Moving to Corn Fields

A reader on urban sprawl and
the regional future of Northeast Ohio

Moving to Corn Fields is EcoCity Cleveland's award-winning reader on urban sprawl and the regional future of Northeast Ohio. This 64-page special publication collects the best articles EcoCity Cleveland published in 1993, 1994 and 1995 on urban sprawl and outmigration in the Greater Cleveland area. It's a great overview of the land use challenges facing our region.

We have distributed 5,000 copies of Moving to Corn Fields to elected officials and interested citizens in Northeast Ohio. The publication has informed the land use debates in the region by helping people:

  • Develop a regional consciousness that can foster greater identification with the region and a willingness to act for the long-term future of the entire region.
  • Understand the costs of urban sprawl so that we know the impacts of current development patterns and can identify who wins and loses.
  • Keep score by building the capacity to track the decisions that promote sprawling development patterns.
  • Create inspirational alternatives that show how better, more environmentally and economically sustainable development patterns are possible.
  • Organize for political change with winning coalitions that can promote more compact development, livable cities and preservation of Northeast Ohio's farmland and its agricultural economy.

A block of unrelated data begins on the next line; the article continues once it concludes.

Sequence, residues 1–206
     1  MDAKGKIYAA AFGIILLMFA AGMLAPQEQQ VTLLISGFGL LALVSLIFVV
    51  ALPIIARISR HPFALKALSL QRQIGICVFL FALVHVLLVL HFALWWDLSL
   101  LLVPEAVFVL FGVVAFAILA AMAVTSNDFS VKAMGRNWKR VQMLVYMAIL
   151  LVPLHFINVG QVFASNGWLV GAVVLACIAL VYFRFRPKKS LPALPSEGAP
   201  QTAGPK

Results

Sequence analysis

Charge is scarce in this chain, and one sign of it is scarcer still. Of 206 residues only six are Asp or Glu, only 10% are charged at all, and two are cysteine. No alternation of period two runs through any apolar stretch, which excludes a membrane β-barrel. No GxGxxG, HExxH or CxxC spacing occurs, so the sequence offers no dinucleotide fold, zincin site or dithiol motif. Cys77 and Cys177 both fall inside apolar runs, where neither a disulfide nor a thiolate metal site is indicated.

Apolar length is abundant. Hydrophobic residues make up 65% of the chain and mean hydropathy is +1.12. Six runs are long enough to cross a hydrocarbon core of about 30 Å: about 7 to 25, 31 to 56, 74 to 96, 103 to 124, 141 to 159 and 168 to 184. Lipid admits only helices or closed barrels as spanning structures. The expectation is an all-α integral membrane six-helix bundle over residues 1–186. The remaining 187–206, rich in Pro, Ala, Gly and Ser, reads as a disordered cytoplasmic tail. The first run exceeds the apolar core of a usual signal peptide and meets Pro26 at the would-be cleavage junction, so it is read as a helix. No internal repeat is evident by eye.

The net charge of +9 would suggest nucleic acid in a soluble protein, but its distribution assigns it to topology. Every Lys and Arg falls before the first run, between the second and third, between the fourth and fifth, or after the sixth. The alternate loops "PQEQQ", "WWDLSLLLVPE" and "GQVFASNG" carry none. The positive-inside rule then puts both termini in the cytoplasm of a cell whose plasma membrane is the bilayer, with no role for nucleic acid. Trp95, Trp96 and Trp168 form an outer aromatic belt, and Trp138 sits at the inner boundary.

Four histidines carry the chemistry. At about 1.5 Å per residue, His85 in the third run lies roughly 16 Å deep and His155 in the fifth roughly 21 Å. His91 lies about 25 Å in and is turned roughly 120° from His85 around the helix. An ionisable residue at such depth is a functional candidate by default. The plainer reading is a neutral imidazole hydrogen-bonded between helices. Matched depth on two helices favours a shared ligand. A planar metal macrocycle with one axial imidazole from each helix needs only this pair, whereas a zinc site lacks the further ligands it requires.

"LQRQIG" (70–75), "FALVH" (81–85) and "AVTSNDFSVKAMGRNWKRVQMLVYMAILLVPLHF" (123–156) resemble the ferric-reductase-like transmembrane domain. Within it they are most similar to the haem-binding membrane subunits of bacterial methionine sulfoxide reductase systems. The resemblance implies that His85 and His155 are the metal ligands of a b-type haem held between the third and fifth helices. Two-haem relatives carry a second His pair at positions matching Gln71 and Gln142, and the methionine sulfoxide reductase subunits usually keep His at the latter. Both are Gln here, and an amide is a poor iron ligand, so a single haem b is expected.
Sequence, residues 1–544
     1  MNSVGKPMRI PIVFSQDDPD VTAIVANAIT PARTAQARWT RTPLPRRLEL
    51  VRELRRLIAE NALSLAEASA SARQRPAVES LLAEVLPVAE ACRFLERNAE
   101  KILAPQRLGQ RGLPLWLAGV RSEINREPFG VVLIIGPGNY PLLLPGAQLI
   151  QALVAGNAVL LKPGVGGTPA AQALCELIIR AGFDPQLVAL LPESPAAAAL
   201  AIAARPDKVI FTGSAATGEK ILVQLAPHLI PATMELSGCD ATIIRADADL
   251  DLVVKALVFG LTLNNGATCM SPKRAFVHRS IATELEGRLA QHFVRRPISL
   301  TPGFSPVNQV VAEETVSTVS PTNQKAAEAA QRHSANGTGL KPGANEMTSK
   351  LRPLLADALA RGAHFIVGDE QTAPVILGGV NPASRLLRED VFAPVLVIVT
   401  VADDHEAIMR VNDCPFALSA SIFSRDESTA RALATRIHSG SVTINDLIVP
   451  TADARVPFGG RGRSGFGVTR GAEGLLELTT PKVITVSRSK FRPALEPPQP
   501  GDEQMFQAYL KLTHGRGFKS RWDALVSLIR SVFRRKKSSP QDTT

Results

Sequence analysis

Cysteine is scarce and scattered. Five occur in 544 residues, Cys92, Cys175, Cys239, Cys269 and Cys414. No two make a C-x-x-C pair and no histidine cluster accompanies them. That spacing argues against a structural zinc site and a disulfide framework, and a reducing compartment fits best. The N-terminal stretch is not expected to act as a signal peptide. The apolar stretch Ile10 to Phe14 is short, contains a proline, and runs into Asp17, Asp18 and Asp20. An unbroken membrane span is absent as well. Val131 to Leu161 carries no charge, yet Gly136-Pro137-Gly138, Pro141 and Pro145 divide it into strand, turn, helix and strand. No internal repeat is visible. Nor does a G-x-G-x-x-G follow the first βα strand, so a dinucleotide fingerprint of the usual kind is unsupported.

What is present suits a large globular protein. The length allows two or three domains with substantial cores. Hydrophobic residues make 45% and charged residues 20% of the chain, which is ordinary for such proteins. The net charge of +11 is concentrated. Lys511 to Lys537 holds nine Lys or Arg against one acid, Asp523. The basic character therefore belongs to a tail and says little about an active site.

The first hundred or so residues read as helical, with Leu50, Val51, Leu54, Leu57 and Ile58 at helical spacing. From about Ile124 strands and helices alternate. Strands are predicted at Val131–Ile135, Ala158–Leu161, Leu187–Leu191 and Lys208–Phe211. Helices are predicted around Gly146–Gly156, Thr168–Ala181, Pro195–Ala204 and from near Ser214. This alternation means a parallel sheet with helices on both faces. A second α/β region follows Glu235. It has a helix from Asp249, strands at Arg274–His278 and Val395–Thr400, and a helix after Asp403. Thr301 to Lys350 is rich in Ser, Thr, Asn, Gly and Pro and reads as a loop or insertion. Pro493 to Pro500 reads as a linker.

Production of Moving to Corn Fields was supported by grants from the George Gund Foundation.

To read the publication in Web format, see the table of contents. Or see the original printed version (minus some graphics), downloard a PDF file (large 3.3 MB file size).

 

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EcoCity Cleveland
3500 Lorain Avenue, Suite 301, Cleveland OH 44113
Cuyahoga Bioregion
(216) 961-5020
www.ecocitycleveland.org
Copyright 2002-2003

Moving to Corn Fields contents


New subdivisions in Lorain County.


I went back to Ohio,
but my pretty countryside
had been paved
down the middle
by a government
that had no pride.
The farms of Ohio
had been replaced by shopping malls.
And Muzak filled the air
from Seneca
to Cuyahoga Falls.
"My City was Gone"
from The Pretenders'
Learning to Crawl album

 

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